Have you hugged a Santa impersonator lately?

By Danny Tyree, Special to the Katy Times
Posted 12/8/22

It has been years since my family last dealt with the “pictures with Santa” pageantry, but Saint Nick impersonators remain an integral part of Christmas for Americans.

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Have you hugged a Santa impersonator lately?


It has been years since my family last dealt with the “pictures with Santa” pageantry, but Saint Nick impersonators remain an integral part of Christmas for Americans.

Parents feel compelled to honor the tradition of dumping tiny tots in Santa’s lap, even if they’re not emotionally ready for the experience. I wish I hadn’t sold my Child Psychology textbook back to the college bookstore, or I would explain why kids who think nothing of sticking a fork in an electrical outlet or inviting a rabid wolverine into the house are suddenly in fight-or-flight-or-wet-your-pants mode over a jovial old man who surrounds himself with elves and candy canes.

Yes, shrieking and bawling are the immediate result of encounters with Kris Kringle, but the traumatizing life event also creates repressed memories that pop up unexpectedly in adulthood. (“The ocean—it’s shaking like a bowlful of jelly! I can’t help it—I’m going A.W.O.L. from the Navy!”)

Some Santa impersonators (motto: “I’m not a morbidly obese peeping Tom, but I play one at the local mall”) volunteer for the pure joy of seeing children’s faces light up. Other Santa surrogates don the iconic red suit to earn extra money. (Granted, in today’s economy, “extra” money is what Bigfoot and Elvis would use to purchase a unicorn for their UFO.)

I’m glad there are still job opportunities for Santa Clauses, considering retailers’ self-checkout mentality. (“Put on this cap, make yourself a vague promise, make way for the next kid. Buh-bye.”)

Physical disabilities are no roadblock to those truly committed to serving as a mall Santa. The agencies that book Santas do, however, frown on applicants with dyslexia. Being upfront about that cuts down on posting a “Santa wanted” sign and having guys with cloven hooves and pitchforks showing up for auditions.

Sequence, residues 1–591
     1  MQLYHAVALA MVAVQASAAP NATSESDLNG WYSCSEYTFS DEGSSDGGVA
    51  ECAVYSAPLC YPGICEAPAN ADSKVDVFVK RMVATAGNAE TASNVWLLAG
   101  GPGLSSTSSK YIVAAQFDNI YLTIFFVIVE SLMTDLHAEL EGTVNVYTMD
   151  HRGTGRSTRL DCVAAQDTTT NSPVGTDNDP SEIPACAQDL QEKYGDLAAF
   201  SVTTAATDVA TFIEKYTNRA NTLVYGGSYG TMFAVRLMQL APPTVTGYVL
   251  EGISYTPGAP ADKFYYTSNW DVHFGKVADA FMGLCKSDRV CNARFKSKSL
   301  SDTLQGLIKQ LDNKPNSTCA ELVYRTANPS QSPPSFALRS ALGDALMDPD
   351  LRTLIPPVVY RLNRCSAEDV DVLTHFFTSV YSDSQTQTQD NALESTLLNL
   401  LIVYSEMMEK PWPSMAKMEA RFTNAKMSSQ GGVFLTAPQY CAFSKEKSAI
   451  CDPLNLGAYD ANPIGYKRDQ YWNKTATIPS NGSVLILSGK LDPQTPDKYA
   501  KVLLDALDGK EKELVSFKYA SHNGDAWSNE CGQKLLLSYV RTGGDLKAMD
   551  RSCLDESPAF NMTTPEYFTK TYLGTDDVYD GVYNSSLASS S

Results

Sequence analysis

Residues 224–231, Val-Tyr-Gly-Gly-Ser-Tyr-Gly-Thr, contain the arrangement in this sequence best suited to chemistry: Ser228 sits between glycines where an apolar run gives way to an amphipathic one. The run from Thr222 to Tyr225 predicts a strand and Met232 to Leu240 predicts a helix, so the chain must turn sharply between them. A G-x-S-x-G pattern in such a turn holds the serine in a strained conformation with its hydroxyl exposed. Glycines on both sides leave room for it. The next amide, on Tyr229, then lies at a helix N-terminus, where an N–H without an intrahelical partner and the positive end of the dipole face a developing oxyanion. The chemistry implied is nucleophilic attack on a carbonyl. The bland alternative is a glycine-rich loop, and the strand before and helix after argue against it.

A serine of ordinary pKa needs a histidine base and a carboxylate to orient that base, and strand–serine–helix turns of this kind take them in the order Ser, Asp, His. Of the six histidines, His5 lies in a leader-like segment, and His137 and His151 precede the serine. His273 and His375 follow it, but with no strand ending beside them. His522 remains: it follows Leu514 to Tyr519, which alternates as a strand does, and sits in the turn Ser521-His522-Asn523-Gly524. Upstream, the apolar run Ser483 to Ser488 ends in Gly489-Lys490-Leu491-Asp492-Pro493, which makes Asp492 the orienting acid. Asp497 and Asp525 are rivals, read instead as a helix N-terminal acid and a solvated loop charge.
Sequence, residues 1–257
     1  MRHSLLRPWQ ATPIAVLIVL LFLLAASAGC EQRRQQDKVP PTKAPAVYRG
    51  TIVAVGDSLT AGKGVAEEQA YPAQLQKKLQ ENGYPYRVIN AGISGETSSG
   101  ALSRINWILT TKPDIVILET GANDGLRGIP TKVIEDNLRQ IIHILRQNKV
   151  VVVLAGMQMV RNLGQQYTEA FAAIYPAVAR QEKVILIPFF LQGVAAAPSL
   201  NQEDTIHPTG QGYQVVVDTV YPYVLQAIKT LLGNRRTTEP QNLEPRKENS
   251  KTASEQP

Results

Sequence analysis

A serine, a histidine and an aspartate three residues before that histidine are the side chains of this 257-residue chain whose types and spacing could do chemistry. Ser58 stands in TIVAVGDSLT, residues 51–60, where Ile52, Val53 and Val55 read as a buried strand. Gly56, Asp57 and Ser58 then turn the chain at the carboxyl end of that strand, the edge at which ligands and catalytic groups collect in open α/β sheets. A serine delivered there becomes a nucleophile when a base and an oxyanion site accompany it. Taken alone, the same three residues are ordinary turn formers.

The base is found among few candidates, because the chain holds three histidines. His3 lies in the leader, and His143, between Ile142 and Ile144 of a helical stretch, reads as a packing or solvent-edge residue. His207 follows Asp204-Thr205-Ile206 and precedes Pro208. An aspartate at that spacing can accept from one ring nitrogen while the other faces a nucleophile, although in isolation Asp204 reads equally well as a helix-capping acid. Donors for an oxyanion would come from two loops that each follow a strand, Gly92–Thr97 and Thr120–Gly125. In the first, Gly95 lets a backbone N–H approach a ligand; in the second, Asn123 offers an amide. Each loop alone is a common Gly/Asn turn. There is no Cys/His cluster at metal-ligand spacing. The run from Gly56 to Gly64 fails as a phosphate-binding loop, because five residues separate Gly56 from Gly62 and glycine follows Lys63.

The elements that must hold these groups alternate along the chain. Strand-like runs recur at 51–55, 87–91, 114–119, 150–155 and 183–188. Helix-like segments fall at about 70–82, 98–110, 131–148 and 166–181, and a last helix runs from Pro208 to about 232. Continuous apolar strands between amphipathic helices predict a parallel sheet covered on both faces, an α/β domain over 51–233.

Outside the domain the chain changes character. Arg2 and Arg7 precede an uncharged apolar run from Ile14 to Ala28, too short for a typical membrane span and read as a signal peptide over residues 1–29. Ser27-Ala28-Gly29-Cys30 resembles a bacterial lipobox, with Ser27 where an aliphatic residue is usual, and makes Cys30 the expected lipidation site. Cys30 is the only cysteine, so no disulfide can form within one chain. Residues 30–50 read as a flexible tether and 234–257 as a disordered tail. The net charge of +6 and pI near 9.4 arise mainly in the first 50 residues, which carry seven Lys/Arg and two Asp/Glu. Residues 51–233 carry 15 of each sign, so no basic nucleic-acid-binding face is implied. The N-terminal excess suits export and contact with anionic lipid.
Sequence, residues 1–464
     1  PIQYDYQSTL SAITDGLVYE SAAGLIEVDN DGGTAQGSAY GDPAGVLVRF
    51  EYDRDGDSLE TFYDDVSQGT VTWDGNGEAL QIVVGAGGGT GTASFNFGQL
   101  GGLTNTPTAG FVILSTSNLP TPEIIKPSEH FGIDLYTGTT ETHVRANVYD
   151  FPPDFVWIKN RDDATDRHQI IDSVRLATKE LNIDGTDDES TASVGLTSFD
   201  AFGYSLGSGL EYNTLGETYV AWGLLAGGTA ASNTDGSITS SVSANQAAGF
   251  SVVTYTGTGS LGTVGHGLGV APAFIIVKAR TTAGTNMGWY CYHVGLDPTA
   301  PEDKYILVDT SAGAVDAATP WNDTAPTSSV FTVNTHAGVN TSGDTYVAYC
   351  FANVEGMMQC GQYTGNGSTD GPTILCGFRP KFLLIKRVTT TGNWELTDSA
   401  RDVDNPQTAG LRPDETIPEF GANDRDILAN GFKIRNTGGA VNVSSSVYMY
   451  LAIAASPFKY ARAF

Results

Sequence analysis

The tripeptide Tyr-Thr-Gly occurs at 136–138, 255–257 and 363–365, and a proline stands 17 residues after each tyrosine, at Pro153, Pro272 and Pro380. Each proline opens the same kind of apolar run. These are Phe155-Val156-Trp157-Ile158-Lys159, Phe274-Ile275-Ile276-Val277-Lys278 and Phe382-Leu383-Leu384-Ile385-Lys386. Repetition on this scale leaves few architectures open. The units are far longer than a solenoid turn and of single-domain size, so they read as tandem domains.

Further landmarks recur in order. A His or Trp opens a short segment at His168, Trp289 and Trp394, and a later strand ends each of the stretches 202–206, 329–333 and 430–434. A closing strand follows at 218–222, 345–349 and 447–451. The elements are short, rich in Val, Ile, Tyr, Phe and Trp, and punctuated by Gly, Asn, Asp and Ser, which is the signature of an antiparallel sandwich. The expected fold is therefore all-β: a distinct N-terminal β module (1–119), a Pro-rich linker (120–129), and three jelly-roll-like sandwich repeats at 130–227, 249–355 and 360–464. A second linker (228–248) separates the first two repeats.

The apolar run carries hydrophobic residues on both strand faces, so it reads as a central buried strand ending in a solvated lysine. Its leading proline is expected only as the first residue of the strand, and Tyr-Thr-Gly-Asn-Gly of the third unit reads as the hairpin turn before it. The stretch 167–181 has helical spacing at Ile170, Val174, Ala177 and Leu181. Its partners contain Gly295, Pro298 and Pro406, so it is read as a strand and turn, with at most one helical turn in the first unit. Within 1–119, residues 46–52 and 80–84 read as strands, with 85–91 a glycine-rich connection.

An article in the “New York Post” recommended Santa roleplaying as a side hustle for college students, but I think the job is more suited for seasoned individuals with experience as fathers or grandfathers. Eight hours of putting up with snotty noses, sticky hands, beard-tugging, mile-long lists, mystery smells and awkward questions (“If you can visit every home in the world in one night, how come it has taken my dad more than three years to go to the corner store for a pack of cigarettes?”) would make the young guys’ reproductive system implode.

Yes, some spoiled brats issue totally unreasonable demands, so it’s heartwarming when one is well grounded in reality. Like the little girl who was patient enough to put off a pony until next Christmas. (“I know that THIS year I need to prioritize having Santa make my 10th-story apartment pony-accessible.”)

Santa impersonators have to do an amazing job of hemming and hawing when presented with a budget-busting wish list. “I’ll check into that.” “Let me see what I can do.” “I would hate to disappoint a good little boy or girl.” Toss in the occasional “I’ll have to circle back,” “infrastructure” and “democracy,” and Santa would qualify for Secret Service protection!

On the other hand, do you know who is the most powerful person in the world? Elon Musk? China’s Xi Jinping? Wrong. It’s a ready-to-retire Santa who gives parents that reindeer-in-the-headlights look by rubberstamping everything on the little darlings’ wish list.

I wouldn’t call them evil masterminds, but their “Ho ho ho” sure sounds more like “Bwahahaha.”

Danny Tyree welcomes email responses at tyreetyrades@aol.com and visits to his Facebook fan page “Tyree’s Tyrades.”